from Africa in Transition

The Dilemma of U.S. High-Profile Visits to African Conflict Zones

December 20, 2016

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High profile visits to war or disaster zones have long been common and popular among senior U.S. officials, as has foreign travel in general. Hillary Clinton was proud that she had traveled to 112 countries as secretary of state. At the same time, security requirements have grown, seemingly exponentially, often causing indignation among local people because of the disruption in their daily lives. And sometimes tragedy happens, as in Cameroon, where U.S. ambassador to the UN Samantha Power’s speeding motorcade killed a child in April. But, U.S. officials welcome the U.S. media attention such visits provide, as do local elites and politicians who ae often disconnected from the people they ostensibly govern.

Ambassador Power’s entourage included nine journalists, and a purpose of the visit was to call attention to refugees. But, Washington too often overlooks the downside among host populations, if not elites, to the security requirements of U.S. visitors.

On December 16, The New York Times released a report documenting the April 18, 2016 accident when a vehicle in Ambassador Power’s motorcade struck and killed a six-year old child in a Cameroonian village. Power was on her way to a refugee camp that housed sixty thousand people forced from their homes by the radical Islamist movement Boko Haram. Her fourteen vehicle motorcade was traveling through the village at an estimated forty-five miles per hour. Following usual security procedures, the motorcade did not stop, though an ambulance, part of the motorcade, did. But the child was already dead.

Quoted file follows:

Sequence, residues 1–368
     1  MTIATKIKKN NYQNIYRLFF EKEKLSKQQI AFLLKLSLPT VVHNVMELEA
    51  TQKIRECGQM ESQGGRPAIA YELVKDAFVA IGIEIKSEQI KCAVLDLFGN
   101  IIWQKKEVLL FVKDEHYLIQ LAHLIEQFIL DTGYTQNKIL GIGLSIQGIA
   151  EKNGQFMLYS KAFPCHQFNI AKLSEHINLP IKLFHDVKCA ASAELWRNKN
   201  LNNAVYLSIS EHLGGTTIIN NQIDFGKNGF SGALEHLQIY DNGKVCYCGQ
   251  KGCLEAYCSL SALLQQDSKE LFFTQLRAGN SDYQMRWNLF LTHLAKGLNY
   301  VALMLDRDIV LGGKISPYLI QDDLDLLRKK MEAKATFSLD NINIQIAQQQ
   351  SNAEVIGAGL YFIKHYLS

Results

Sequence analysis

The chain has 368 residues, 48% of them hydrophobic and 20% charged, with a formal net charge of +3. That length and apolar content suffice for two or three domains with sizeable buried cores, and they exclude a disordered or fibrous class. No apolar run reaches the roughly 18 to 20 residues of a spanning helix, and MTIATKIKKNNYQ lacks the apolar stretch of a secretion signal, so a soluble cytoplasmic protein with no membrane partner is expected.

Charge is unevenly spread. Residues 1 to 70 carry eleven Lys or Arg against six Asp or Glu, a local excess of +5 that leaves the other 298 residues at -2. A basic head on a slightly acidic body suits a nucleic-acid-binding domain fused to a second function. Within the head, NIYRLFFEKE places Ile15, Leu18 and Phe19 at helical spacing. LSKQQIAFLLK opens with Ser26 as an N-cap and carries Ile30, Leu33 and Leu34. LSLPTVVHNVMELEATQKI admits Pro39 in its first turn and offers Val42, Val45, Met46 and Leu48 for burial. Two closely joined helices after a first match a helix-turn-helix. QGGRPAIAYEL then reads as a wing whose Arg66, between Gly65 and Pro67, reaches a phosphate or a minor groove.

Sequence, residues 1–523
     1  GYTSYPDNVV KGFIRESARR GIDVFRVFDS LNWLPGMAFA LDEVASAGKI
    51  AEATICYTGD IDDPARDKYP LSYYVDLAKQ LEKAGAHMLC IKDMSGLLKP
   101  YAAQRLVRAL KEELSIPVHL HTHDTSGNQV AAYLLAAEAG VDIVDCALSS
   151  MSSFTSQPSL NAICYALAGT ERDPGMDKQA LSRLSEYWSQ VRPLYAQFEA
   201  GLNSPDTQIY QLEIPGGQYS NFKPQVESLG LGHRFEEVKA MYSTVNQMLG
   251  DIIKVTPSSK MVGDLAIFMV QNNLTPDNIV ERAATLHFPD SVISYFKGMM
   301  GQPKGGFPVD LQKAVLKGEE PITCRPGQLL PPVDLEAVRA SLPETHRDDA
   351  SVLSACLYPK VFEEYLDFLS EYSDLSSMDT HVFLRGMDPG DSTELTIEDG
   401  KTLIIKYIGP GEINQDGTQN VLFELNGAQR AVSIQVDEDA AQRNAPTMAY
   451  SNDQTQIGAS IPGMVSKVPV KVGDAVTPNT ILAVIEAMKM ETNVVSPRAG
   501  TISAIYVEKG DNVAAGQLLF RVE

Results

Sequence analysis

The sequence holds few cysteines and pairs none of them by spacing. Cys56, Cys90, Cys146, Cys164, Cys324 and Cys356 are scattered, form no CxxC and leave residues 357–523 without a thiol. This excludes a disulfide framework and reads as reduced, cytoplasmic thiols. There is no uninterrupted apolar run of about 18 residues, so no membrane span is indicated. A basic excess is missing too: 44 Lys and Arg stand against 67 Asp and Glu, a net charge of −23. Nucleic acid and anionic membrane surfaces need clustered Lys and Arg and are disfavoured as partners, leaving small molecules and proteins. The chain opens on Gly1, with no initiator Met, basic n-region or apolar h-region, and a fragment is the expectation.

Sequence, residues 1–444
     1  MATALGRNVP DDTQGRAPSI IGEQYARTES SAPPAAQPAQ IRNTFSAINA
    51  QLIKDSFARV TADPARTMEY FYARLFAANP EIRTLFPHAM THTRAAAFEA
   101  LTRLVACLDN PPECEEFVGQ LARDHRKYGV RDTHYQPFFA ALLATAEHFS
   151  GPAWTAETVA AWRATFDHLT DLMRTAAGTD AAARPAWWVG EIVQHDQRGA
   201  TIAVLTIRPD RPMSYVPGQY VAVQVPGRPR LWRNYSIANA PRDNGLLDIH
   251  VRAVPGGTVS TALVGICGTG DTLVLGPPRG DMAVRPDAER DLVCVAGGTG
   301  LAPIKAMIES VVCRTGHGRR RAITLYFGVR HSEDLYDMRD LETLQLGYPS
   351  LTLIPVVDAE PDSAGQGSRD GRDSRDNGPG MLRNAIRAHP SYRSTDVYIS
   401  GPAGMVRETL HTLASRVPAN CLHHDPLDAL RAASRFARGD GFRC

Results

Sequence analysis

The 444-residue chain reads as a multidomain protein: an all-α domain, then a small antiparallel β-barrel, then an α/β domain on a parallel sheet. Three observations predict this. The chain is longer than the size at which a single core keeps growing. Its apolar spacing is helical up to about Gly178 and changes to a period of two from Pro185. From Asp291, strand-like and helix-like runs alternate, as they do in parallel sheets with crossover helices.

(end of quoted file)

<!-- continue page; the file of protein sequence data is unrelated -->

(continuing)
According to the New York Times, Ambassador Power was personally devastated when she heard the news. Against the advice of her security people, she returned to the village to offer condolences, where her reception was icy. The U.S. Department of State has paid compensation to the family of the child: $1,700 in cash, two cows, sacks of flour, rice, salt, sugar, onions, cartons of soap, and oil. The Times also reports that the U.S. government has built a well near the front of the family house. Ambassador Power has established an escrow account personally to pay the school fees of the victim’s siblings through high school.

Ambassador Power’s security was tight: in addition to Cameroonian elite forces it included U.S. Navy SEALs. U.S security personnel dictated the size of the motorcade, its speed, and the fact that it did not stop. After all, Boko Haram had conducted recent operations only twenty miles away. With respect to the security of U.S. officials, as the Times observes, “Failure is unacceptable: Congressional panels spent two years and more than $7 million investigating why the State Department, the Pentagon, and the Central Intelligence Agency were not able to prevent the deaths of four Americans, including the ambassador to Libya, when the United States diplomatic compound in Benghazi was stormed in 2012.”

More on:

Sub-Saharan Africa

International Organizations

United States

Media

Cameroon

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